Published: 16:00, 01 December 2021
| Updated: 08:10, 06 December 2021
A long-serving Kent Messenger advertising manager has died of colon cancer at the age of 59.
Shaun O'Driscoll joined the newspaper business in 1983 and was a well-known face in Ashford and beyond during a career with the company that lasted for more than 25 years.
The father-of-two, who was a passionate musician and a fan of Liverpool football club, had moved to Stanhope from London in the 1970s with his parents, Tom and June, and his younger sister.
He went to St Anselm's Catholic School in Canterbury and in a successful career in the local press he was a much loved and respected figure.
Mr O'Driscoll, who lived in Canterbury Road, Kennington, was diagnosed with cancer earlier this year, and died peacefully at the Pilgrims Hospice in Ashford on Thursday, November 25.
His two children, daughter Grace and son Declan, recalled childhood memories of shopping trips in towns all over Kent with their mother, Corrine, while their father was out visiting his advertising customers.
Reading a quote from a Manager of the Year award won at the KM in 2006, Grace said: "He is the most approachable and supportive person I've ever had the pleasure of working with. I've never heard a bad word against him, he's well liked in the company and has many friends."
Mr O'Driscoll's sister, Siobhan Park, said: "I think what Shaun was in life, he echoed in his job, and vice versa, to be honest.
"His values, and how important people were to him. An authentic leader."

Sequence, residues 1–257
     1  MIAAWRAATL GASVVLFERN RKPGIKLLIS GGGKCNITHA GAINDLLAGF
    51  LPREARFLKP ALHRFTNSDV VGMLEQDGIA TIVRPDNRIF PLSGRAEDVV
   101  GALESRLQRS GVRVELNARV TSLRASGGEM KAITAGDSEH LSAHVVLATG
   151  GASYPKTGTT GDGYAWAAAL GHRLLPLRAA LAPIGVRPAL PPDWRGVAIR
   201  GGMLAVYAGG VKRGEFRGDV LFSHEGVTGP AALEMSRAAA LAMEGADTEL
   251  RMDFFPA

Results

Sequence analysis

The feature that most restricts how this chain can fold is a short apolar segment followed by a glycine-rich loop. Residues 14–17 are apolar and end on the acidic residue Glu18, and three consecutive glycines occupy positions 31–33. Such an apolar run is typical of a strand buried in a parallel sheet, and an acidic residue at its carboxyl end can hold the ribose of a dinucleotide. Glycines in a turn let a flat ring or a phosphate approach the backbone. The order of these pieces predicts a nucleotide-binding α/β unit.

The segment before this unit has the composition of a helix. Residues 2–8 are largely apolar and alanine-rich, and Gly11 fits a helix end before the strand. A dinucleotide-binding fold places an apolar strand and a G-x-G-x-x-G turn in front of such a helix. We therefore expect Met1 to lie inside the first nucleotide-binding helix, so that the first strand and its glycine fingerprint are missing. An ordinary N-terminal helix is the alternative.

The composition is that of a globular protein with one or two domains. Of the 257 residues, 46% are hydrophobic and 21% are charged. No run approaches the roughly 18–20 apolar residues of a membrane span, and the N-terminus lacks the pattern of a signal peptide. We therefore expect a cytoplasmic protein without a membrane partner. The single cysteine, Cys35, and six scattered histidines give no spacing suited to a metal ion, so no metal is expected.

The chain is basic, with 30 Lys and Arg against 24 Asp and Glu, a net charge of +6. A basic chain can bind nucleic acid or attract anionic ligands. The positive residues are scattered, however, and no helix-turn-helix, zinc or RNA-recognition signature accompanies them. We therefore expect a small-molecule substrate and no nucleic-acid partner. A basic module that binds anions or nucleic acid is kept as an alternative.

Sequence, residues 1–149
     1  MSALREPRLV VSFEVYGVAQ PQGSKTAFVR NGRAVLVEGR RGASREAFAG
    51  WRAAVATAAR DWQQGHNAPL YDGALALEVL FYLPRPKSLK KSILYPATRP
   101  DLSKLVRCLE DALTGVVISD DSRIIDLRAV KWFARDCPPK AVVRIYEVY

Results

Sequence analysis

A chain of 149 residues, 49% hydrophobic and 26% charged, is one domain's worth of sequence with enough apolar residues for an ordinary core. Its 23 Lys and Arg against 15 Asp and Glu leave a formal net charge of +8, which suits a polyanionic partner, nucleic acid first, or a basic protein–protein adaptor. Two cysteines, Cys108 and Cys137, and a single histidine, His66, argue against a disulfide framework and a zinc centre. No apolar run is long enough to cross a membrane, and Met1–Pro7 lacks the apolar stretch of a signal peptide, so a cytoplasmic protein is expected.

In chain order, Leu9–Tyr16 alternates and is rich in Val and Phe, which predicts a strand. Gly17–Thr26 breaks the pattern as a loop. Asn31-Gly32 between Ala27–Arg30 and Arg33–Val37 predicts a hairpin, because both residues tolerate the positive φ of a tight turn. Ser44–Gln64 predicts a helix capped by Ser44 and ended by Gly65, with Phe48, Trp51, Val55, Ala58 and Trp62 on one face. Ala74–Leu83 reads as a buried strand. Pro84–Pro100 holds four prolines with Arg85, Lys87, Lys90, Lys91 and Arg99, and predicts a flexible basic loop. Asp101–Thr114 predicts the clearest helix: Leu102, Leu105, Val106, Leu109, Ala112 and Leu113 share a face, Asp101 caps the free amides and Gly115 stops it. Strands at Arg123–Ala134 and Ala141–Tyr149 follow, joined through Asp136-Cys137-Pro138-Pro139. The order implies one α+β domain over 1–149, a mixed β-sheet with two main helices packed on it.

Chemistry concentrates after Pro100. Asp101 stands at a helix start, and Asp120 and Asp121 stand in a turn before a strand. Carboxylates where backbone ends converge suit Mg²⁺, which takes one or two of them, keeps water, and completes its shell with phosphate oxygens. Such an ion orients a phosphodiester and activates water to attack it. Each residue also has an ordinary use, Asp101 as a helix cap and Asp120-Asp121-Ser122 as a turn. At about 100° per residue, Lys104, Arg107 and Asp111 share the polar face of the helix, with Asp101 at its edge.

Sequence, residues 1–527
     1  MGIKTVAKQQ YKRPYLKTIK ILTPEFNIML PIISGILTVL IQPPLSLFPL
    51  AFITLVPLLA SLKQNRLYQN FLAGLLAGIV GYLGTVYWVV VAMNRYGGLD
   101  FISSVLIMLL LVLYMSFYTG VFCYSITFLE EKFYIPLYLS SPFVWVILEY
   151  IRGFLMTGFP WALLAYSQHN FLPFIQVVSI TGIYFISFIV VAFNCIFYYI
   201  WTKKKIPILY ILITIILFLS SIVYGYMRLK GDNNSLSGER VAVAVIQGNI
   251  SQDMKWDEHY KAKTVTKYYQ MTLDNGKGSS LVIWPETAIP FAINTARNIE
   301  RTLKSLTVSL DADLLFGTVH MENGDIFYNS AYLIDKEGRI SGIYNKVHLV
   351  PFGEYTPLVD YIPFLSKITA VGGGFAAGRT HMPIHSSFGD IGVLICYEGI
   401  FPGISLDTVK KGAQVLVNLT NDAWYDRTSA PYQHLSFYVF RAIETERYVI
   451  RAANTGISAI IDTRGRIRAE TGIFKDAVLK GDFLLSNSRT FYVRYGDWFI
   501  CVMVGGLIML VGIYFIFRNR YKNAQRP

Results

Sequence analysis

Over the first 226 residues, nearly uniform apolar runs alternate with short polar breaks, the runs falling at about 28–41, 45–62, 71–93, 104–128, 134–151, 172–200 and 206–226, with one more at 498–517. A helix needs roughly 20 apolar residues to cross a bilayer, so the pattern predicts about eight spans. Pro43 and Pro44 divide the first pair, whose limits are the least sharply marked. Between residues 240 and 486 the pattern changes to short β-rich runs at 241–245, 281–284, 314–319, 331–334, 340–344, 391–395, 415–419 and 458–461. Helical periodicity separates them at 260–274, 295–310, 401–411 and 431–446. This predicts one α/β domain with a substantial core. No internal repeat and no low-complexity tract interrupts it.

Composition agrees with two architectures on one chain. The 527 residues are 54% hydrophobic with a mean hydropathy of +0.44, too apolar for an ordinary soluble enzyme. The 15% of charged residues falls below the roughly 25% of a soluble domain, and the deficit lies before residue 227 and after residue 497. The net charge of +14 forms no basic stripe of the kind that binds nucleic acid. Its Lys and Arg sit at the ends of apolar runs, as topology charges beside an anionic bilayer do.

Zoe Harragan, a KM commercial manager who worked with Mr O'Driscoll, remembered him as an inspiring colleague.
"His commitment and dedication to the Ashford business community shone through in everything he did," she said.
"Shaun was instrumental in gaining the radio broadcast licence for kmfm Ashford, which he was particularly proud of as music was his passion."
Speaking about her brother's illness, she said he had tried to keep a sense of privacy by not sharing his condition in case he troubled anyone.
But even as he was being cared for at the hospice in his final days, his family still found a way to connect him with friends and family by asking for requests for songs which reminded them of him.
"He was incredibly brave throughout everything," she said. "If you'd spoken to him on the phone, he was really eloquent. You would never have thought that he was as ill as he was.
"His love of music and his love of people – and people's love of him – was there right through to the very end."